Lively analysis of how Henry James's fiction anticipates later filmmakers' concerns with what we can see and what we can know.
Offers a dialogue about the future of the nature of the human, technology, metaphysical foundations, globalization, and social and political oppression.
Investigates how the Thai poet Angkarn Kallayanapong adapts Buddhist concepts of time to create a modern Asian aesthetic imaginary.
First comprehensive account of the figure of the Irish Celt in modern British and Irish literature.
Explores the relationship between literature and philosophy in classical and contemporary Buddhist texts.
Examines experimental art and literature by women alongside psychoanalysis and philosophy to develop a new understanding of sublimation and aesthetic experience.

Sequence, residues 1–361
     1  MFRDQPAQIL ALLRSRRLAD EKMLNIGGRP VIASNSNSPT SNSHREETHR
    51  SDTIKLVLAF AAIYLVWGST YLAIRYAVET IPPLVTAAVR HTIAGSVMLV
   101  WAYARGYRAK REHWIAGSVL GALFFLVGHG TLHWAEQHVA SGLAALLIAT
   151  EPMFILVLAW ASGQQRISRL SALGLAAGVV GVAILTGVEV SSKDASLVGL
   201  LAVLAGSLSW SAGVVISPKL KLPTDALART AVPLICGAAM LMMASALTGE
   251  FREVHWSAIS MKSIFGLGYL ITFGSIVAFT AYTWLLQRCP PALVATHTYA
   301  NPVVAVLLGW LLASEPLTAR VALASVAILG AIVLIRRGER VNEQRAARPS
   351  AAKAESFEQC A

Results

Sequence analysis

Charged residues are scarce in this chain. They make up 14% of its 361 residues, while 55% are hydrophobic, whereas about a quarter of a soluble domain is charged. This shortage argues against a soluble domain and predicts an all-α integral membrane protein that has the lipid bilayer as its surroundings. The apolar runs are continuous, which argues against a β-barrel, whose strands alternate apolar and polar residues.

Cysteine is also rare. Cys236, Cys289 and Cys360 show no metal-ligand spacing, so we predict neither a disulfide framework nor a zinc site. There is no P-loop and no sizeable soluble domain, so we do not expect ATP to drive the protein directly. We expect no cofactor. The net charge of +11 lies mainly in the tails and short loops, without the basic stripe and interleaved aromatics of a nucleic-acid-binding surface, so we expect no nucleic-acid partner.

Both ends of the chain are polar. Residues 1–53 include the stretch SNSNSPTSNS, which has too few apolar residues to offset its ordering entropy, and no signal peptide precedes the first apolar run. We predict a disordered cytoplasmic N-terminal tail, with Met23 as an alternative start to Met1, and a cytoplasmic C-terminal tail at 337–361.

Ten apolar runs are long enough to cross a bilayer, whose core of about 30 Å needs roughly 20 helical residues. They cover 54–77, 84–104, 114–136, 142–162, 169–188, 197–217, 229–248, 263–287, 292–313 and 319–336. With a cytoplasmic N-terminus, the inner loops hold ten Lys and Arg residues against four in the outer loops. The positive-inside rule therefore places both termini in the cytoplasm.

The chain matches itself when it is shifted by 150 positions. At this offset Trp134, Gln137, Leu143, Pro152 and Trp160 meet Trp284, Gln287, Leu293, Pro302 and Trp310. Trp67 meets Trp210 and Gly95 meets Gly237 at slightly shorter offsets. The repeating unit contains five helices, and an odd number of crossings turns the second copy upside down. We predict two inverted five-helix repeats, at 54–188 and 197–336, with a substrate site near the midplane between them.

Juxtaposes five contemporary French poets, illuminating the philosophical elements of their work while making their sometimes difficult writing newly accessible.
Three stageworthy plays and nine individual scenes that offer an introduction to Yiddish theater at its liveliest.
Critical essays on the transnational Kashmiri-American poet.
A celebration of Anishinaabe intellectual tradition.
The second volume of the first in-depth study of a range of literature written by Native Americans who attended government-run boarding schools.
Explores the role of travel and translation in Brazilian literature and culture from the 1870s to the present.
Forges a fresh interpretation of Charlotte Brontë’s oeuvre as a response to ecological instability.
An English translation, with introduction and annotations, of a selection of the letters and verse that José María Heredia (b. Cuba, 1803; d. Mexico, 1839), wrote during his months of political exile in New York from November 1823 to August 1825.
An authoritative biography of the dean of American proletarian writers during the interwar years.